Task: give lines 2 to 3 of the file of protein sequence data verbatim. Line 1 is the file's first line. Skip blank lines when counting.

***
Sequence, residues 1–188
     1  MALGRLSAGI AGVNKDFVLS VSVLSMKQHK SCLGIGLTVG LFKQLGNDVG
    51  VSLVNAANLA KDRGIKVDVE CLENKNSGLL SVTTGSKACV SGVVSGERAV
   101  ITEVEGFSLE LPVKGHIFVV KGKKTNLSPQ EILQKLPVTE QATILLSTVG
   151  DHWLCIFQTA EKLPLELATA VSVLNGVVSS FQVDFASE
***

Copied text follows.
     1  MALGRLSAGI AGVNKDFVLS VSVLSMKQHK SCLGIGLTVG LFKQLGNDVG
    51  VSLVNAANLA KDRGIKVDVE CLENKNSGLL SVTTGSKACV SGVVSGERAV